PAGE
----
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Jason's Blog: ECG Challenge for the month of May, 2014.

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Patient data:  54-year old man who recently underwent a major cardiac procedure.  At first glance, this ECG may not appear to be particularly unique but a closer inspection reveals something unusual going on here. 

HINT:  The telling clue can be found in lead II but you'll have to use calipers and think "outside-the-box".  3 days after this ECG, the patient reverted back to sinus rhythm but continued to display this one finding.  Good luck! 

Spoiler alert!!!
Only click on these 2 links if you want the answer given to you.
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Comments

Submitted by VinceD on

I'm not going to give away the answer just yet since no one else has identified it, but this is an absolutely awesome tracing Jason! Good eye for picking this up!

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Submitted by jer5150 on

Thank you for the compliment Vince.  This is one of my favorite ECGs in my collection!

Jason E. Roediger - Certified Cardiographic Technician (CCT)
ECG....@gmail.com

Submitted by serarango on

Atrial Fib with a narrow QRS complex with constant R-R and frecuency of around 75bpm. I will consider hisian pacing, left pacing, or even stranger one atrium with a fib and the other (right) in sinus rhythm.

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Submitted by jer5150 on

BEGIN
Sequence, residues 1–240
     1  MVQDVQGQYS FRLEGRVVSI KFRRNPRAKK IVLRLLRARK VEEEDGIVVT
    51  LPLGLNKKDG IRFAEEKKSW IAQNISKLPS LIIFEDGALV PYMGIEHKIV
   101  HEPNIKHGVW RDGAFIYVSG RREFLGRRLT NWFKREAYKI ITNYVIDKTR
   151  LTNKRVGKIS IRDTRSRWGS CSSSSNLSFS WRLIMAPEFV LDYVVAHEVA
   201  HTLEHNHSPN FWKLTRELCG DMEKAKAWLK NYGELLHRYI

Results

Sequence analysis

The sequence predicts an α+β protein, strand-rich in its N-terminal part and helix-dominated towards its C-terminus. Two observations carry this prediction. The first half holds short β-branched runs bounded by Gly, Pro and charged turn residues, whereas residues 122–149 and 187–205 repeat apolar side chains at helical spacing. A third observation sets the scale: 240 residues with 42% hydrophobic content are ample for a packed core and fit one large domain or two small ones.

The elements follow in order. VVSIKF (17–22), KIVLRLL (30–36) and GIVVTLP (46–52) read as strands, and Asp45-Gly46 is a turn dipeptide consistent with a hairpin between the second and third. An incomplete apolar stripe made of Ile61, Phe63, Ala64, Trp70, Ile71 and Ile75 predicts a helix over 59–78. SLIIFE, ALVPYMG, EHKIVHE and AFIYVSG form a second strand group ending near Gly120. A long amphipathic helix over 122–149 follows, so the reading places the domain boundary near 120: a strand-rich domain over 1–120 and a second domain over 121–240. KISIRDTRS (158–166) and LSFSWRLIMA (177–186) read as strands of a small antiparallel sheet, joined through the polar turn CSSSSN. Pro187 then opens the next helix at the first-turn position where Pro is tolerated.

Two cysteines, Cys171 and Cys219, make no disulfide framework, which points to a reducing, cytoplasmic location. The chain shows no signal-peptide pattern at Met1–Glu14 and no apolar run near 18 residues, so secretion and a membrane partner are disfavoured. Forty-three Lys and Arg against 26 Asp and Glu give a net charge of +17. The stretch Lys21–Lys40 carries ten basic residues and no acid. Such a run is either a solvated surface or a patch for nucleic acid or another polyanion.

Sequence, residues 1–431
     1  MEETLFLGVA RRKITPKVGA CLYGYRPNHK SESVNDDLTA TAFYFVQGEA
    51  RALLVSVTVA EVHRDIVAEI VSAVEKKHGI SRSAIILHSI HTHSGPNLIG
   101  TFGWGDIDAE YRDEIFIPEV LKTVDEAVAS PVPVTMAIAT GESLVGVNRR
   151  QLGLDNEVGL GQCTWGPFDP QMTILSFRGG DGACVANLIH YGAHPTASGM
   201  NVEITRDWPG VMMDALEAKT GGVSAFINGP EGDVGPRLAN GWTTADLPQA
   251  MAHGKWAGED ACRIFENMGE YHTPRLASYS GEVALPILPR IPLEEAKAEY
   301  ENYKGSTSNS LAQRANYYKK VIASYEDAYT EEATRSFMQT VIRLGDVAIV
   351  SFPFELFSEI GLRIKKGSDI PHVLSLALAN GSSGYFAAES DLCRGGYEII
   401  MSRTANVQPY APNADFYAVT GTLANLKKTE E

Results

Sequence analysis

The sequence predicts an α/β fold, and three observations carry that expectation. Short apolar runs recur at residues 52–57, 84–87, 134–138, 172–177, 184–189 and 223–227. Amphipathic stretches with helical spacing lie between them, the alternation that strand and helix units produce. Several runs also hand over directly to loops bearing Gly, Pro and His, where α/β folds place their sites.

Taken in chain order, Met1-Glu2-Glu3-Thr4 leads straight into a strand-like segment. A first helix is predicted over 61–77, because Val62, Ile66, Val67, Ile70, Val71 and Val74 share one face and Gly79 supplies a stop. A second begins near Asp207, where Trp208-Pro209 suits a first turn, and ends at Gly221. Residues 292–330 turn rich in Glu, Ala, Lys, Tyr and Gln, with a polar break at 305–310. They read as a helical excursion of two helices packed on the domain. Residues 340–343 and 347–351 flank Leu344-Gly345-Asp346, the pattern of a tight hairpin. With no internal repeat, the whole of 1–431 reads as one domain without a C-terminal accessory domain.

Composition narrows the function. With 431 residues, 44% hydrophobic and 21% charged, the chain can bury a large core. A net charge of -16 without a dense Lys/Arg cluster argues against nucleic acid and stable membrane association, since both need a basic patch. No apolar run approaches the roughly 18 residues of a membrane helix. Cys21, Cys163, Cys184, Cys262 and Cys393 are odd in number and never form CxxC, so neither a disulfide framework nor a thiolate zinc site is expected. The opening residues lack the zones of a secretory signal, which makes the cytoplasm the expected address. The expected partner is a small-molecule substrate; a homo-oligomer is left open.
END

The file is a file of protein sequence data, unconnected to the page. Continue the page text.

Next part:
In all honesty, I may not have recognized this either had I not reverse-engineered my interpretation.  It was only after I looked at the patient's ECG showing sinus rhythm that I thought to go back and look at some of their other recent ECGs and that's when I saw what was happening here.

Jason E. Roediger - Certified Cardiographic Technician (CCT)
ECG....@gmail.com

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Submitted by jer5150 on

INTERPRETATION:
(1.)  Atrial flutter (rate about 300/min) with 4:1 A-V conduction reducing the ventricular rate to about 75/min (see laddergram).
(2.)  Incomplete right bundle-branch block.
(3.)  Sinus rhythm at a rate of about 87/min (best seen in lead II).

COMMENTS:
Status-post orthotopic heart transplant.  The donor heart is in atrial flutter (arrows in lead aVF) and the atrial cap of the recipient heart is in sinus rhythm.  Note that the sinus P-waves can be seen marching through and deforming the sawtooth pattern of the flutter waves (arrows in lead II).  In the laddergram, the sinoatrial (S-A) teir is meant to represent the S-A node of the recipient heart's atrial cap.  As I previously mentioned, the patient's donor heart reverted back into sinus rhythm 3 days later.  At that time the donor heart was in sinus rhythm at a rate of 83/min and the atrial cap of the recipient heart was in sinus rhythm at a comparable rate of 79/min.  

This same scenerio could be seen in a heart with dissociated atrial rhythms.  The right atria in sinus rhythm and the left atria in atrial flutter.      

Jason E. Roediger - Certified Cardiographic Technician (CCT)
ECG....@gmail.com

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